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Do people outside HR know what we mean by the 'People Profession'?

Jonny

| 0 Posts

CIPD Staff

17 Jun, 2020 18:24

My wife, a teacher, has quizzed me on the phrase 'the people profession'. It's a term we use a lot at the CIPD, to include HR, L&D and OD professionals. Her comment was that as a teacher, she's a people professional too - and I see her point. Indeed, any one of a number of professions could be described as 'people professions'. Is it a term you use, as an HR, L&D or OD professional? And is it a term that your colleagues outside of HR tend to understand & recognise? 

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  • To be honest it’s not a term I have ever used. I can see it’s merit as shorthand for related groups but does risk the issues your wife raises.
  • Nope a spade is a spade in both my roles - HR.
  • Most people I deal with outside HR don't understand what we're for to start with. There is a running issue of people in the industry trying to get away from talking about humans as "resources" and flailing around for some alternative expression and I think this is one of them and I think it works about as well as "talent" (which sounds like you're a theatrical agent).
  • In reply to Robey:

    But....as our job is not to manage colleagues directly (apart from like many other managers) but to create the architecture and the environment where the organisation can manage its human resources then for me that term works quite well - no trying to get away with anything - its what we do and I am perfectly happy with it personally. The challenge with people professionals is as originally highlighted so many other people could be deemed to be in that category
  • I remember one of the lecturers at Teesside telling one of the students that if you want a job where you mix with lots of people then don't choose HR

    There are far more jobs which involve working with people than 'HR'

    My HR experience included being the only HR person, to working with 4 or 5 others. But we often spent a lot of time doing stuff on our own.

    My roles sometimes meant I spent long hours going over regulations and translating legislation into practical instructions. At other times I'd be running training sessions for all staff, including managers.

    Shop floor workers in many factories for example are within chatting distance of their mates, and when I was a scaffolder you always worked with two others or more and often with other teams. And of course supeervisors, line-managers and so on have to work their teams all the time.

    But probably even more relevant is, or was, the content of the (CIPD) curriculum I was taught. (DPM). Anything touching on psychology, or human relations was a tiny part of of the course. It certainly did not impart any degree of expertise in 'people.'

    Anyone who thinks being in HR makes them an authority on people or human relations is probably deluded and very mistaken.
  • Steve Bridger

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    Community Manager

    19 Jun, 2020 18:11

    Good question, Jonny ;)
  • I just realised I didn't answer the question directly - so -to answer the question directly, then the answer is "NO".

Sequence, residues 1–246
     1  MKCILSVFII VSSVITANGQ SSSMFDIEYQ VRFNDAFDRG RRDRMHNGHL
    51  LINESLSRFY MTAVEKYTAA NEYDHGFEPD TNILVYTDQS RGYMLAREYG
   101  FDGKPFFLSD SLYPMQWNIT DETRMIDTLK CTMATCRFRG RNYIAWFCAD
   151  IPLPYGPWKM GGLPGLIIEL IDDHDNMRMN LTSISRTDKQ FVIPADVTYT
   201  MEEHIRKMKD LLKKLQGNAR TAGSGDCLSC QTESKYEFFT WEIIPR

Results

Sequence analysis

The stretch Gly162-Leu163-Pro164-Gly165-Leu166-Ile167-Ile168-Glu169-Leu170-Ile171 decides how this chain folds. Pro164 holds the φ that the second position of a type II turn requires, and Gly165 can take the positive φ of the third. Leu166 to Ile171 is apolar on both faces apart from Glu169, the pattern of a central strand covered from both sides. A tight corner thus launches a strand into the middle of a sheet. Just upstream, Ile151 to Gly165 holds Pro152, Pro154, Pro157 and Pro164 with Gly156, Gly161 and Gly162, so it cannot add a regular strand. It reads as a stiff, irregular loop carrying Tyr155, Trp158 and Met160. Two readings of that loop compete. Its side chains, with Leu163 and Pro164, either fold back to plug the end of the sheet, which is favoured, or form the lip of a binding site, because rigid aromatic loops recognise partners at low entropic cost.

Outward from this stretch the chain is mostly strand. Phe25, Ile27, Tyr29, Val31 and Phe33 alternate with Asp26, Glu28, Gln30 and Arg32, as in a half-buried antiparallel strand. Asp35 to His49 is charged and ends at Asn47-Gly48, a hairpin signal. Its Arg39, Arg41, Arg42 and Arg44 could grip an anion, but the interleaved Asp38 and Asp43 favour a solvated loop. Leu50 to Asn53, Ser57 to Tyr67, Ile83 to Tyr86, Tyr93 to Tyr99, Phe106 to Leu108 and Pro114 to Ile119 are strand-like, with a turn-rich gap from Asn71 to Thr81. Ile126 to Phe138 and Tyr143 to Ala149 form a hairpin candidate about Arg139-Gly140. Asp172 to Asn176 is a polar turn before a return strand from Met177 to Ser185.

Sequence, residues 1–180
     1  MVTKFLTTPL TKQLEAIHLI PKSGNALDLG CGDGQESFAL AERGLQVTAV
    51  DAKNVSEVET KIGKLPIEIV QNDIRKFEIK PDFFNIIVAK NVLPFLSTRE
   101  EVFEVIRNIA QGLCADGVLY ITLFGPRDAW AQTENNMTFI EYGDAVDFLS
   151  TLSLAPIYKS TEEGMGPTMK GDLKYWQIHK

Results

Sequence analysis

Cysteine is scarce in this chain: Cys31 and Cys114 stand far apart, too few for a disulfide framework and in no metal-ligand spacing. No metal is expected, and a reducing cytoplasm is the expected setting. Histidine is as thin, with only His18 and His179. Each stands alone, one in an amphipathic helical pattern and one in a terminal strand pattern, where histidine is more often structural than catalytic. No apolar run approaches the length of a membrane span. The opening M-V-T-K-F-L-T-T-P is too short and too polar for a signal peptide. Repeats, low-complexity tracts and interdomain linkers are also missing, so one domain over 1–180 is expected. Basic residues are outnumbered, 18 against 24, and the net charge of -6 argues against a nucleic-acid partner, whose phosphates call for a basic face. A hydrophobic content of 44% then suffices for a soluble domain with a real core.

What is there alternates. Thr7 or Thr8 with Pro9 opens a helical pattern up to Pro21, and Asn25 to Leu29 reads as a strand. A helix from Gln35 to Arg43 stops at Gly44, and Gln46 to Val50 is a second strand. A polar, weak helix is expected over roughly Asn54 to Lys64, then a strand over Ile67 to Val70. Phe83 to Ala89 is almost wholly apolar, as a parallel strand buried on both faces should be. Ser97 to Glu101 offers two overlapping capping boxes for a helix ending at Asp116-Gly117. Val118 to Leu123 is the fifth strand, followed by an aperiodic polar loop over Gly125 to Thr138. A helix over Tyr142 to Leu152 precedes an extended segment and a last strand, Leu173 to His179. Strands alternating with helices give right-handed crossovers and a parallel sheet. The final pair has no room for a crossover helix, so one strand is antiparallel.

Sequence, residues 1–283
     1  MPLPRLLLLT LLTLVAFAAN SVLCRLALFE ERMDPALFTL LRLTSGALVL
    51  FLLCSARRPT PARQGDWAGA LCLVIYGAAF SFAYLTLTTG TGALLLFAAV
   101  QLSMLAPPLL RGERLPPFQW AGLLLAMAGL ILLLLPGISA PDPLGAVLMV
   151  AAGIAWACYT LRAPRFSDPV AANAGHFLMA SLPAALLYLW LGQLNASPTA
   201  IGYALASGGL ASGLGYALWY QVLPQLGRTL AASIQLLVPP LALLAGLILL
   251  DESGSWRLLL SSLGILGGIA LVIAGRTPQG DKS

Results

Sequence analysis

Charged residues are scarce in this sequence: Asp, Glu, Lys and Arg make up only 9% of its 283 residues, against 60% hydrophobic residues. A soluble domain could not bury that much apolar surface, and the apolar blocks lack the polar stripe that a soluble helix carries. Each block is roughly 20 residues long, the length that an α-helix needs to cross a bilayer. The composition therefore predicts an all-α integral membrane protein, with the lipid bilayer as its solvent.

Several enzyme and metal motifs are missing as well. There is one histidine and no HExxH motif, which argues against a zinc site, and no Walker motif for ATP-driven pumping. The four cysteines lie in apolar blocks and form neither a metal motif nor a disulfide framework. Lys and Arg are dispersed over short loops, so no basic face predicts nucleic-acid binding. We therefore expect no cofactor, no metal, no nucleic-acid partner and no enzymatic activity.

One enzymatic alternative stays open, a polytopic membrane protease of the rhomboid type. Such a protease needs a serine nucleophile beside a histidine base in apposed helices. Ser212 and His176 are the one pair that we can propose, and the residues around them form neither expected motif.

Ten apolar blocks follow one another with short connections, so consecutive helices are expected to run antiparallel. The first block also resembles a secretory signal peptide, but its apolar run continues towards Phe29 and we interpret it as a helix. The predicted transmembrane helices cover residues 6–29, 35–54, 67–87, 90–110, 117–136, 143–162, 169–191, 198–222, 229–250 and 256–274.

And the reason is quite simple. When I asked my wife who was for many years a sought after management trainer./consultant and later on a Relate trainer, she couldn't think of any profession which could be considered "a people profession,"  she couldn't come up with anything until with some prompting she came up with, psychotherapist, counsellor, trainer, social worker, teacher (if you are good). When I suggested "Personnel?", she replied;- "What? - HR? Its all about policies, procedures, & employment law....... and most HR people only line manage a handful  of staff."

    Where and how did this profession start referring to itself as 'the people profession'.

    What evidence is there that we are experts in people above any other profession?

  • Jonny

    | 0 Posts

    CIPD Staff

    24 Jun, 2020 09:34

    Thanks all for your comments. There is a more favourable view on using the term – my colleague Rebecca wrote a blog on this recently – but your views give food for thought. Perhaps something we should continue to reflect on.

  • In reply to Jonny:

    Jonny I dont think anyone was being negative, just saying it wasnt used at all. Seems odd if CIPD are starting to push this when so much other things are on agenda.
  • I don't think non-HR people understand what HR really involves (and even less so OD) and I am pretty sure they don't understand what we mean by the term "people profession". Some HR departments are renaming themselves as the "people" department, but I'm still not sure it actually registers with staff what that means.

    The blog that @Johnny highlights from Rebecca is interesting. There's another word in there that I think actually better reflects what we do.. "workforce" - as a collective, we do everything we can to develop, improve and support that workforce - we're not necessarily supporting all people, but only those who work for us or potentially want to work for us. Maybe the next iteration will see us reframing ourselves as "Workforce Development Professionals"? Or maybe not. What is in a name?
  • Jonny

    | 0 Posts

    CIPD Staff

    24 Jun, 2020 10:03

    In reply to Keith:

    For sure, it's not our most pressing issue. I didn't think you were being negative!
  • Steve Bridger

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    Community Manager

    24 Jun, 2020 10:04

    In reply to Jonny:

    I'd missed Rebecca's blog post. Thanks,